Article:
Updated March 13, 2015 with a new palate figure based on the photo, not the original drawing in Effigia and Shuvosaurus was modified in turn.
We looked at the poposaur Effigia earlier here and here. Having never attempted a reconstruction of the palate I do so here.
Figure 1. Effigia. is an odd derived poposaur with tiny hands and no teeth. In competition with dinosaurs, poplars did not fare as well. The dentary and predentary have been modified here from prior attempts to more closely match the mandible of Shuvosaurus (Fig. 3).
Effigia okeeffeae (Nesbitt and Norell 2006, Nesbitt 2007) Carnian, Late Triassic, ~210 mya, ~ 2 m in length, was originally considered an early theropod dinosaur by Colbert, who collected the specimen in the late 1940s but never removed it from its jacket. A recent reassessment by Nesbitt and Norell (2006) and Nesbitt (2007) nested Effigia among the poposauridis. It is an odd bipedal poposaur and perhaps the most derived member of a clade composed almost entirely of odd derived members. The reconstruction of the skull has been controversial. Perhaps only a direct tracing and shifting of the elements can solve this puzzle. All the pieces in the disarticulated fossil will come together precisely if they are correctly reassembled.
It is possible that the palatine (Fig. 2). was misidentified originally as the right ectopterygoid. If so, then the palate resembles that of known sister taxa, like Shuvosaurus (Fig. 3)..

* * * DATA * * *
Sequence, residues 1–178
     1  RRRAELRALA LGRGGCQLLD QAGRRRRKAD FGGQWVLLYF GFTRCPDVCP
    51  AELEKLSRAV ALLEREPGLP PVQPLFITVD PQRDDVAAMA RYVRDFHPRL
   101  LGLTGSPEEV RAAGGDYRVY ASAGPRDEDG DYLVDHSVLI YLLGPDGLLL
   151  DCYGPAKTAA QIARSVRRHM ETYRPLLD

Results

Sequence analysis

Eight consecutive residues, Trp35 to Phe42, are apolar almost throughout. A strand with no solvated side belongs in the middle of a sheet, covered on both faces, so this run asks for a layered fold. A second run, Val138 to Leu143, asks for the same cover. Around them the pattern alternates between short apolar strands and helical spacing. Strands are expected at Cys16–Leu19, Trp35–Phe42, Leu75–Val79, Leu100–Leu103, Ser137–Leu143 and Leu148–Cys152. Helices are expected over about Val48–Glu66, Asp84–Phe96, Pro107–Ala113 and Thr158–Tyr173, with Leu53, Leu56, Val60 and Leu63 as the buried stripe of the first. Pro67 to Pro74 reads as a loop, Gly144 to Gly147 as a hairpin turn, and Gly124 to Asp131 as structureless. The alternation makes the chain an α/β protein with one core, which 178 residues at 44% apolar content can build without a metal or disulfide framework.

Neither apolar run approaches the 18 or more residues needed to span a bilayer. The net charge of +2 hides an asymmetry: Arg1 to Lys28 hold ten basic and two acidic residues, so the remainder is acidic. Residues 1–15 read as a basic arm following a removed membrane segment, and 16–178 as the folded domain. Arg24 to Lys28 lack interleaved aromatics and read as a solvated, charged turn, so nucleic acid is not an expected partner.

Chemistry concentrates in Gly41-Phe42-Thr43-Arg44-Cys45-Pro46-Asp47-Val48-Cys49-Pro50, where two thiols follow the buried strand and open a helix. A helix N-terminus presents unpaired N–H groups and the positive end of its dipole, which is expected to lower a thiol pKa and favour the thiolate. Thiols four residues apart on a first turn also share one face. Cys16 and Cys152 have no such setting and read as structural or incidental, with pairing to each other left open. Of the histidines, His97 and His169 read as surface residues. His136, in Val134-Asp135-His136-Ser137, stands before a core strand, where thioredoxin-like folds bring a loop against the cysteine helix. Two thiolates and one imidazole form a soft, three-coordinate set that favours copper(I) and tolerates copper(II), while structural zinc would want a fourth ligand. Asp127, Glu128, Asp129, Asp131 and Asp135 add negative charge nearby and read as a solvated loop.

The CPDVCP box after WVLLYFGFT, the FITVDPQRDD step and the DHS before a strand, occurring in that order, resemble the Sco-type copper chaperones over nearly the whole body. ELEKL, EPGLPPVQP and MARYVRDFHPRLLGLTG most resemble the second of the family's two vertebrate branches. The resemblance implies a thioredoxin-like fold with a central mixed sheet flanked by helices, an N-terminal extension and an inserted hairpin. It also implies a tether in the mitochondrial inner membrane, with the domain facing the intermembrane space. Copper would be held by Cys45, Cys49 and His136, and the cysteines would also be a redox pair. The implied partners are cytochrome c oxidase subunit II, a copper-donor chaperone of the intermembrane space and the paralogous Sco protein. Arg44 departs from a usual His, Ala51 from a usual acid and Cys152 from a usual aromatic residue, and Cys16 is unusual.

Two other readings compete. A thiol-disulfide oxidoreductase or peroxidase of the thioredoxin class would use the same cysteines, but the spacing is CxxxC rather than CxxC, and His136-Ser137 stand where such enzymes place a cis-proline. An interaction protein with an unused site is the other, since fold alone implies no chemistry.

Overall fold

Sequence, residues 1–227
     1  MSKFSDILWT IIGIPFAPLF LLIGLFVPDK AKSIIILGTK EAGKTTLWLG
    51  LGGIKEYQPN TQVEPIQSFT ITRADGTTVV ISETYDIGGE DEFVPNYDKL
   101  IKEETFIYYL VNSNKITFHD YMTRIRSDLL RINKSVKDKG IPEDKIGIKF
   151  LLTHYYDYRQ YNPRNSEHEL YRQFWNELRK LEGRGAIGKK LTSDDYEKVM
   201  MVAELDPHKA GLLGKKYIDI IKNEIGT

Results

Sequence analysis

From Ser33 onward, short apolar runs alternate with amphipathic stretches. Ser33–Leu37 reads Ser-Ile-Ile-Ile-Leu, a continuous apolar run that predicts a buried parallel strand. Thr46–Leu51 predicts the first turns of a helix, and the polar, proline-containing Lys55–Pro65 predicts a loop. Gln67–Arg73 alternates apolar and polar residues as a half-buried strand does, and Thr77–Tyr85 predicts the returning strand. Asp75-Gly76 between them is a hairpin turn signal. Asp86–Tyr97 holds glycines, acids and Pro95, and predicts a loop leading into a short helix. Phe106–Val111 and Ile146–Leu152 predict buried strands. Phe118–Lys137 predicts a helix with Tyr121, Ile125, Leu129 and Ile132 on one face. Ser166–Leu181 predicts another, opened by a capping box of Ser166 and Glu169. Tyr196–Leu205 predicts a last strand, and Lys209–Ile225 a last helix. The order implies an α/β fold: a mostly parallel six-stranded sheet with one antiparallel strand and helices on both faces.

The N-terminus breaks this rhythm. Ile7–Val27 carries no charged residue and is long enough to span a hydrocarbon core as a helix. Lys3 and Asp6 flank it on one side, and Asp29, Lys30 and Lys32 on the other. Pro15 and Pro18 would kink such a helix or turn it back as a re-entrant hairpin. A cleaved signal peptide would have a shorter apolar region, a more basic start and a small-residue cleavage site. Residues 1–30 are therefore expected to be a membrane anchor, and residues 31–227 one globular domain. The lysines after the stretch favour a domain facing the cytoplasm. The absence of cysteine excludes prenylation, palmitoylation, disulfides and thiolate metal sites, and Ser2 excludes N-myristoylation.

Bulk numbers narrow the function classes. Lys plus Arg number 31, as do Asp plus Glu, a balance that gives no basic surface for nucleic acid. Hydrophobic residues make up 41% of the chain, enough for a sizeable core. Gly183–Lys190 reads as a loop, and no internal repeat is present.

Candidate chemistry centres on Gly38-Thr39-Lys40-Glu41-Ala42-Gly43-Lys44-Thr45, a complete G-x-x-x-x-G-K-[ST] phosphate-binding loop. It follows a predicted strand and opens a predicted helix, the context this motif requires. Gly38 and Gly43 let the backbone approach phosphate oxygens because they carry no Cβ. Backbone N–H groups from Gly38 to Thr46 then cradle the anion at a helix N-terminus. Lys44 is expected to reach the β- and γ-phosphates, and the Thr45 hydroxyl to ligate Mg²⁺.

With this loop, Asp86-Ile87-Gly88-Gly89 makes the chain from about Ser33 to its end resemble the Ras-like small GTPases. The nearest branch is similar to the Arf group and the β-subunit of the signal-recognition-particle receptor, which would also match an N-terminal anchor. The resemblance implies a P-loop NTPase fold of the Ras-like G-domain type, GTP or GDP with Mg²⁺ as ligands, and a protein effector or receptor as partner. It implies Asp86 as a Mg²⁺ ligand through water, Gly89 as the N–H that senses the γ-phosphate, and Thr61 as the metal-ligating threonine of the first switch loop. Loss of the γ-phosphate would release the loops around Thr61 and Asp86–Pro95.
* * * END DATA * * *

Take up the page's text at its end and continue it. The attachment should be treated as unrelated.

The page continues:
Figure 2. Effigia palate in situ (left) and reconstructed by reassembling colored elements (at right). Click to enlarge.
Due to the long premaxilla
and the short maxilla the Effigia palate shifts most of the palatal elements into a smaller space. Even so all maintain their original and typical connections to the other skull elements.
Figure 3. Shuvosaurus, a sister to Effigia, has a similar palate in this reconstruction, but it was not reconstructed like this originally.
You really can’t talk about
the palate of Effigia without comparing it to its sister, Shuvosaurus (Fig. 3). Here the main triangular part of the pterygoid must be imagined, but the quadrate processes are present and quite robust. The palatines frame the internal nares posterior to the palatal processes of the maxilla and premaxilla.
Figure 4, the occiput of Effigia colorized here to segregate elements. That’s the central supraoccipital in pink flanked by two opisthotics in lavender, all displace dorsally. Originally they were framed by the squamosals in gold. Quadrates in red and basisphenoid in purple.
The above image (Fig. 4, Nesbitt 2007) is a CT scan of the Effigia occiput colorized to aid identification of the elements. The occiput is so inclined it is almost continuous with the palate. Originally the supraoccipital + opisthotics were identified as the two parietals with no median element recognized. Neither the supraocipital or the opisthotic were identified otherwise.
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